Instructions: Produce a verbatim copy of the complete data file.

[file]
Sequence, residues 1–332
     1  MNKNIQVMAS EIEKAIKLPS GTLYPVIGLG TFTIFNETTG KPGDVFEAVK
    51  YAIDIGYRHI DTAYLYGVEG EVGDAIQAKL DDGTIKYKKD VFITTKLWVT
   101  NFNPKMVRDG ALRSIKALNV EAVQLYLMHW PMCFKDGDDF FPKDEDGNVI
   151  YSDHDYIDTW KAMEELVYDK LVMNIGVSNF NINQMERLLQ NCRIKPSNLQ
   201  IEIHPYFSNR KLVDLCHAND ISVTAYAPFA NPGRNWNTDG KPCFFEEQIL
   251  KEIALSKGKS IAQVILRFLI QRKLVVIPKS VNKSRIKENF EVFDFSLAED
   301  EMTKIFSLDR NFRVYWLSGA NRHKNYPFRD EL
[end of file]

Sequence, residues 1–332
     1  MNKNIQVMAS EIEKAIKLPS GTLYPVIGLG TFTIFNETTG KPGDVFEAVK
    51  YAIDIGYRHI DTAYLYGVEG EVGDAIQAKL DDGTIKYKKD VFITTKLWVT
   101  NFNPKMVRDG ALRSIKALNV EAVQLYLMHW PMCFKDGDDF FPKDEDGNVI
   151  YSDHDYIDTW KAMEELVYDK LVMNIGVSNF NINQMERLLQ NCRIKPSNLQ
   201  IEIHPYFSNR KLVDLCHAND ISVTAYAPFA NPGRNWNTDG KPCFFEEQIL
   251  KEIALSKGKS IAQVILRFLI QRKLVVIPKS VNKSRIKENF EVFDFSLAED
   301  EMTKIFSLDR NFRVYWLSGA NRHKNYPFRD EL